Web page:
This blog discusses how we design information system solutions for real-world problems.

The focus of IS design has moved “upstream” of the waterfall model, from technical design to the co-design of business-processes and IT systems.  This focus requires an improvisational design approach.  IT-related organizational innovation deals with wicked problems.  Wicked problems tend to span functional and organizational boundaries as business process and information management problems are intertwined.  There are clusters of interrelated problems:  these cannot be defined objectively because the problem is defined differently, depending on who you ask.  IS designers cannot analyze this type of problem in isolation – we need to involve diverse groups of stakeholders in negotiating suitable problem definitions and boundaries for change.  But wicked problems also involve distributed knowledge, where understanding of the problems is stretched across (rather than shared between) stakeholders.  So design goals evolve, as designers and stakeholders learn more about the context and the problems facing the organization by engaging in incremental change.   This is often approached by means of agile design methods. But our lack of understanding about how to establish a “common language” for this type of design means that information system innovation tends to be pretty hit-and-miss. Most design initiatives spend more time arguing about process definitions than achieving change.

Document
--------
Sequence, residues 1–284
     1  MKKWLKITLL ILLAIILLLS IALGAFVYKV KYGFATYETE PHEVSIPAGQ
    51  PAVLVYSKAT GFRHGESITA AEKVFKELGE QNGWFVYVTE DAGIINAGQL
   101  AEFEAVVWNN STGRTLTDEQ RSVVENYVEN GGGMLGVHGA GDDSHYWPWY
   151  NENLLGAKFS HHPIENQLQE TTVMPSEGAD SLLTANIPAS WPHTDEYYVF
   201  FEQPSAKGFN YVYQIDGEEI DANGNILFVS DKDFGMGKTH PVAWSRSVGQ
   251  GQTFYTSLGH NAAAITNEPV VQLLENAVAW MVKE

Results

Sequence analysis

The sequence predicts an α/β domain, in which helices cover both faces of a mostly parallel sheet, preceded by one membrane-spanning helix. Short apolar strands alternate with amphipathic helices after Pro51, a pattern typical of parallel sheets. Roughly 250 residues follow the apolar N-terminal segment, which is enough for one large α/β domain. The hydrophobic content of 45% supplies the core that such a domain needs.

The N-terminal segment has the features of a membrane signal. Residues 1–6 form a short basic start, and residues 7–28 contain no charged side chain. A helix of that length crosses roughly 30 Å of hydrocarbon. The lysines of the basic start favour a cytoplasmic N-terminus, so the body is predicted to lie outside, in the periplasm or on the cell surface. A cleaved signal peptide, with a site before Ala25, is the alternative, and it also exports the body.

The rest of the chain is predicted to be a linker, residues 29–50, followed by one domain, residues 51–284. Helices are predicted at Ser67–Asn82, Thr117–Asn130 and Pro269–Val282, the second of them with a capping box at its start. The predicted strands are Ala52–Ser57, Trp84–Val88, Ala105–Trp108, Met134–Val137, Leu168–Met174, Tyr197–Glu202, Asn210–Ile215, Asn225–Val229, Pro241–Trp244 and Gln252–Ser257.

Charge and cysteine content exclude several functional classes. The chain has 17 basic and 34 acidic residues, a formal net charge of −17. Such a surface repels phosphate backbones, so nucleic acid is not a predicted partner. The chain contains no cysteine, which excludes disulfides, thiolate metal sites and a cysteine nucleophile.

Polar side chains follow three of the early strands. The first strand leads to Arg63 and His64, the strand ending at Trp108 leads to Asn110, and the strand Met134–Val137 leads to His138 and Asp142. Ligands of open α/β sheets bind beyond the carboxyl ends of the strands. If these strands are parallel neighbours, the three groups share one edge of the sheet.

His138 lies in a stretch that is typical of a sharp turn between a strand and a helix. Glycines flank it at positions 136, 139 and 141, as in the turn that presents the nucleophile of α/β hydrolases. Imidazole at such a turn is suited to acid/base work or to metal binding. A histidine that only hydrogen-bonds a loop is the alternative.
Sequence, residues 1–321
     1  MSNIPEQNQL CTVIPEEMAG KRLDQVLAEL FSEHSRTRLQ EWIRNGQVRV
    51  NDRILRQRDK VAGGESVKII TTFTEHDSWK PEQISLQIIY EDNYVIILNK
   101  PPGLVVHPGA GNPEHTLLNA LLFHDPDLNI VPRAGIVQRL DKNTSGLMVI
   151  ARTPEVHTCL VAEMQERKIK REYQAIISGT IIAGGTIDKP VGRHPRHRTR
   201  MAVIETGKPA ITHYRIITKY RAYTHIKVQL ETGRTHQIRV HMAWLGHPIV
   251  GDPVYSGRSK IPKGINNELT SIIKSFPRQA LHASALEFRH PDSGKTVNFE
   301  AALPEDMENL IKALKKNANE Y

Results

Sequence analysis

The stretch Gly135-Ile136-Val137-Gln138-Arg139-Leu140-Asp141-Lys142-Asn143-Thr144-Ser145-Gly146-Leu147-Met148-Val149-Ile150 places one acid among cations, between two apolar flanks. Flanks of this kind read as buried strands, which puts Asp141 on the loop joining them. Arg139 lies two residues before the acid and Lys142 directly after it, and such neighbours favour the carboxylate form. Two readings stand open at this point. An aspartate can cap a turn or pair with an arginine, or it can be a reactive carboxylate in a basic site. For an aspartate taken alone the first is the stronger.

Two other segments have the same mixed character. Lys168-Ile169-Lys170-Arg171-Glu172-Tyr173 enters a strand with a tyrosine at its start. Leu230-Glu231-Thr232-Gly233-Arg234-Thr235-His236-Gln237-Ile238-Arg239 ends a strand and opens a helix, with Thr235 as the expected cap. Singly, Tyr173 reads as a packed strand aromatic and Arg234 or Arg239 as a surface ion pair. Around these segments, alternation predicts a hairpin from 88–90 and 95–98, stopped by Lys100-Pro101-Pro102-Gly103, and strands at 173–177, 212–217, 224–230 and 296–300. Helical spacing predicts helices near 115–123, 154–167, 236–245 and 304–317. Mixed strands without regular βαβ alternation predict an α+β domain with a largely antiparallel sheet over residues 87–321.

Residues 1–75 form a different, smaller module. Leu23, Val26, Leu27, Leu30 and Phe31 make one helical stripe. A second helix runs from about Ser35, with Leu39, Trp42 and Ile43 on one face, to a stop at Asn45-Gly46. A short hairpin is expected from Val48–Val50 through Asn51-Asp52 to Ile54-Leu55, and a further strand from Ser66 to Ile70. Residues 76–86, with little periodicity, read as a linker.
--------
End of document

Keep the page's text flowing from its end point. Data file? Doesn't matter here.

We need a new approach that focuses on the co-design of business (process) and IT systems: a collaborative process that involves problem stakeholders as collaborators in analyzing change. This is the basis of improvisational design.

Improvising Design
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